I usually have a bit of a problem with zombie movies – I find them dull. Yes, I know zombie fans will be throwing their Walking Dead box sets at my head (and those are some hefty tomes) but I find that, although they may be a popular horror monster, zombies are forced to rely heavily on the cheap, gross-out factor in order to distract from the fact that they have scanty horror mileage, no rich mythos to draw on and offer little scope for variation, tension or development. I am left to suppose that zombie fans are in it for the fashion statement. I am however, an Asian horror enthusiast.
Let’s face it, the 1980s were awesome! So it’s expected that nostalgia will run rampant, but few modern films have been able to capture the decade’s idiosyncrasies like Turbo Kid.
“This is the future. The world as we knew it is gone. Acid rain has left the land barren and the water toxic. Scarred by endless wars humanity struggles to survive in the ruins of the old world, frozen in an everlasting nuclear winter. This is the future…this is the year 1997.”
Those who might shift the blame for Cell’s shortcomings onto a writer with a feeble understanding of the source book should be aware that Stephen King himself had a hand in composing the screenplay. Not only that, he also warned admirers of said novel that some changes that might rub them the wrong way would be imminent. King wasn’t lying, having willingly helped turn a visceral and harrowing work like Cell into a limp-wristed 28 Days Later riff with too many cut corners to freak out seasoned horror buffs.
“When everyone is connected, no one is safe…”
Doug Roos’ independently produced, feature-length, post-apocalyptic horror film was promoted primarily on it’s practical special effects, make-up and lack of computer-generated imagery (CGI). In this respect The Sky Has Fallen does not disappoint. Shot in Missouri and clearly influenced by Ryuhei Kitamura’s Yakuza/Zombie splatter-fest Versus (2000), The Sky Has Fallen combines elements from various horror subgenres and, whereas most would fail, Roos’ somehow manages to make everything work cohesively with only a few missteps.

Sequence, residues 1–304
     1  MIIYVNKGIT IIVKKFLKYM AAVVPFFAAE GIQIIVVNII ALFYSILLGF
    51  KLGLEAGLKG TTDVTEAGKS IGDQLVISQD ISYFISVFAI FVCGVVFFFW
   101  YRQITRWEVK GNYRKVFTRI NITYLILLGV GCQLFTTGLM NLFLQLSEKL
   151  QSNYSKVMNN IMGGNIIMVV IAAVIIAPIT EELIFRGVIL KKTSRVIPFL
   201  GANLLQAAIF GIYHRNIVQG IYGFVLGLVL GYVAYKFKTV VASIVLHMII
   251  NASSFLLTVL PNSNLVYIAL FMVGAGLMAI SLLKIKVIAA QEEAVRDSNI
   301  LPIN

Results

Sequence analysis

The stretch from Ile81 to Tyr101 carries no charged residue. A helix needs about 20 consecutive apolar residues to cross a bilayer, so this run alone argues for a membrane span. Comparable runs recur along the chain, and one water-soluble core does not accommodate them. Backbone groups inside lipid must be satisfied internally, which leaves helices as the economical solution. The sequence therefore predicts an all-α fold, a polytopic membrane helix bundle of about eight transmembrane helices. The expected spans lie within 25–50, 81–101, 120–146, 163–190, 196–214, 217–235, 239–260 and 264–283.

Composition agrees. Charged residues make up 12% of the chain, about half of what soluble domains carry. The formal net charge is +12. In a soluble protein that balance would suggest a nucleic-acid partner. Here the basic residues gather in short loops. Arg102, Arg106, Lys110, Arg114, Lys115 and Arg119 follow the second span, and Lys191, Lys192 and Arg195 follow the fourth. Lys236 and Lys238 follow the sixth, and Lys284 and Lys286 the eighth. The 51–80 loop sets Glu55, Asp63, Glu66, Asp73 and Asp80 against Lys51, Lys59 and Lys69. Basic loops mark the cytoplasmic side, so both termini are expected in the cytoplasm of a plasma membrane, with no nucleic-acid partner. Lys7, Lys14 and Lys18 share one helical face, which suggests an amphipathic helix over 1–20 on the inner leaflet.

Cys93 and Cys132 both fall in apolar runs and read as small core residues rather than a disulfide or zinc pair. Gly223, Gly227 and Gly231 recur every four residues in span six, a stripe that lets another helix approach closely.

“All practical FX. No CGI.”
Let’s get right to it; is this movie the final installment of The Bronx Warriors trilogy that includes 1990: The Bronx Warriors and Escape from the Bronx, or not? The short answer in my opinion is no, it most definitely is not. It bears no resemblance, nor any connection to the previous films that I could detect; though it is supposedly set in New York, I don’t recall any reference to it in the dialogue.
“For an ENDGAME champion in the year 2025, there’s only one way to live. Dangerously.”
Let me just preface this article with the acknowledgement that I loved this movie way out of proportion to what it probably deserves. If you’ve seen it or do so in the near future, it’s a tossup as to whether or not you’ll feel the same way about it that I do. You might gag and roll around on the floor foaming at the mouth miming, “My eyes, my eyes!”
But seriously, have you seen it yet?
“An outrageous post-nuke adventure!”
Is Turbo Kid really a B-movie? Can a film be considered that grade if it’s an intentional and very aware homage? Or must it be classified something else? Ah, but it does the homage thing so very, very well…literally to a level that it exceeds the films that inspired it. What’s additionally amazing is that the makers of Turbo Kid are clearly aware of what they’re doing…
“Coming soon to a wasteland near you!” PRESS PLAY ►